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An Introduction to Equalization - A free download from Audio Masterclass

Equipping Your Home Recording Studio - A free download from Audio Masterclass

An Introduction to Compression: Basic Compression - A free download from Audio Masterclass

How to record or amplify the melodica or any unfamiliar instrument

The Audio Masterclass Course in Compression (Assessed Course)

Why mono is better than stereo (sometimes)

Mic the speaker, or use the line output?

Avid's had it, or has it?

Q: What is groove in MIDI?

How do you know when your performance has peaked?

How complicated do your monitors have to be?

Would you pay $130 for a resistor?

The first rule of acoustic treatment

Microphones and perspective

One of the first things a sound engineer should realize about microphones is that they always have to be placed closer to the sound source than you would normally choose to listen from. So although you could listen comfortably to a piano from a distance anywhere between about four to twenty meters, the microphone should be...

One of the first things a sound engineer should realize about microphones is that they always have to be placed closer to the sound source than you would normally choose to listen from. So although you could listen comfortably to a piano from a distance anywhere between about four to twenty meters, the microphone should be anywhere from half a meter up to around three meters maximum away from the instrument, for a natural sound that actually sounds like the piano.

This applies to any instrument. The consequence of placing the microphone further away is that it will pick up too much reverberation from the room. The brain manages to filter this out when listening live, but somehow cannot do this when listening to a recording.

But then there is a problem when recording a group of acoustic instruments, such as a jazz band, a choir or an orchestra. From the natural listening position the balance, without amplification, sounds fine. But if you try to cover the whole orchestra with a basic stereo pair of microphones, then because the microphones are much closer to the front rows of instruments than the back, then the instruments at the rear will sound very far away.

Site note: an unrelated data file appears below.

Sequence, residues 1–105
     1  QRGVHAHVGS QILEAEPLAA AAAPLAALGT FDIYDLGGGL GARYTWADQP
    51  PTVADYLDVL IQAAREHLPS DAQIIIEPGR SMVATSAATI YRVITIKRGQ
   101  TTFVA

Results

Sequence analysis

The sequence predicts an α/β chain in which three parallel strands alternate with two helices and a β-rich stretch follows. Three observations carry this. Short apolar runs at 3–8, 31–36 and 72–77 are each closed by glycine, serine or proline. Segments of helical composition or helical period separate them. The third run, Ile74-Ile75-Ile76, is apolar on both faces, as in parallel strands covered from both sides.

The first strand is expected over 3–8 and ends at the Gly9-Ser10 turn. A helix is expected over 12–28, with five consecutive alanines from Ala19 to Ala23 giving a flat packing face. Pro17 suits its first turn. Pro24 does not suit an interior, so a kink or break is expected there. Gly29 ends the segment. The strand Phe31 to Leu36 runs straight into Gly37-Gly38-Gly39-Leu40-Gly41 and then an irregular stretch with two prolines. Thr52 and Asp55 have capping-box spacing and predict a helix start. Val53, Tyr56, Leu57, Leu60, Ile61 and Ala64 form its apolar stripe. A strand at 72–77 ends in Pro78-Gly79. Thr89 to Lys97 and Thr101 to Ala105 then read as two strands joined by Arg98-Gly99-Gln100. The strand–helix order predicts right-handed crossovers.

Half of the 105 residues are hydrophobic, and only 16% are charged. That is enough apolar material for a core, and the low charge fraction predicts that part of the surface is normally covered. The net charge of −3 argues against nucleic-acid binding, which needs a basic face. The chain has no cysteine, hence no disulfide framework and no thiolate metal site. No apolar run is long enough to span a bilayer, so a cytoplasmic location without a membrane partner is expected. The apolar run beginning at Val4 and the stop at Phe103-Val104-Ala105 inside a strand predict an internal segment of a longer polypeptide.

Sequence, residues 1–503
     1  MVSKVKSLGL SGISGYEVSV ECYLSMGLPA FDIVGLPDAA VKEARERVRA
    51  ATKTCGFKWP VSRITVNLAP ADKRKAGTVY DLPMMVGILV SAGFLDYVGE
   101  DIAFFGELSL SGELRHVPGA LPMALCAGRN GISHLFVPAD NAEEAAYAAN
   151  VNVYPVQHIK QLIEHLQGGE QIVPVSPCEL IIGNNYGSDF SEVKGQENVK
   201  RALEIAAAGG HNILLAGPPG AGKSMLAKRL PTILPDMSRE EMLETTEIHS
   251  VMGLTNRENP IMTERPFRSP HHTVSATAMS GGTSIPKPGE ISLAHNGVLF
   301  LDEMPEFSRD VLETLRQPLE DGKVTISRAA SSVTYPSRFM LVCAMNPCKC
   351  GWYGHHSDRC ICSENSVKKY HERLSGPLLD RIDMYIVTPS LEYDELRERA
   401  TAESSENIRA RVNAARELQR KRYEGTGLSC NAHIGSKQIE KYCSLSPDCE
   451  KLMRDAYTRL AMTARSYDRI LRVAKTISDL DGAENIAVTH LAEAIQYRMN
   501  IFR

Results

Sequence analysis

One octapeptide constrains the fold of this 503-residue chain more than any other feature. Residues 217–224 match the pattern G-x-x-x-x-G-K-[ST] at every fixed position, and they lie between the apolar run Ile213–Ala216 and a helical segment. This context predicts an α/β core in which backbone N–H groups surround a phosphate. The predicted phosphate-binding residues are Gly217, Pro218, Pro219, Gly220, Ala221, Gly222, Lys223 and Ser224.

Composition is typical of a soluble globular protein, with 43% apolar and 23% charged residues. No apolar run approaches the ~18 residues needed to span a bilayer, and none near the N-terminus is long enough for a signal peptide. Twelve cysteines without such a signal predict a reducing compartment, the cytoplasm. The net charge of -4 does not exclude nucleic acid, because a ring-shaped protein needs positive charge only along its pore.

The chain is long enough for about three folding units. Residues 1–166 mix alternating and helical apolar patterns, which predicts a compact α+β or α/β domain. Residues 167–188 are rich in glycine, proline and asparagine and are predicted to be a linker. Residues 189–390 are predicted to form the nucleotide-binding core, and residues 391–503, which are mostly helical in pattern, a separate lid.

From a natural listening position, the back rows are not all that much further in comparison, so it doesn't make nearly so much difference.

The first solution to this is to bring the stereo pair even closer, but raise them in height. Now, from a vantage point of three to four meters above the orchestra, the microphones won't be all that much further away from the rear rows than from the front rows. You have to picture this in your head, and for preference try it out. It really does work.

The downside of this is that with string instruments, particularly violins, their best sound projects horizontally towards the natural audience position. The microphones, now listening from above, pick up a harsher, more scratchy sound. It is still however a worthwhile compromise.

This is only one solution. There is another, which is to mic up the rear instruments independently. Now, the stereo pair can be the main pickup for the entire orchestra, and the rear microphones brought up in level just enough to bring 'presence' to the back rows. This has to be done with care, and certainly not overdone, but it works.

It's just a shame that microphones can't be more like the human ear.

By David Mellor Monday July 10, 2006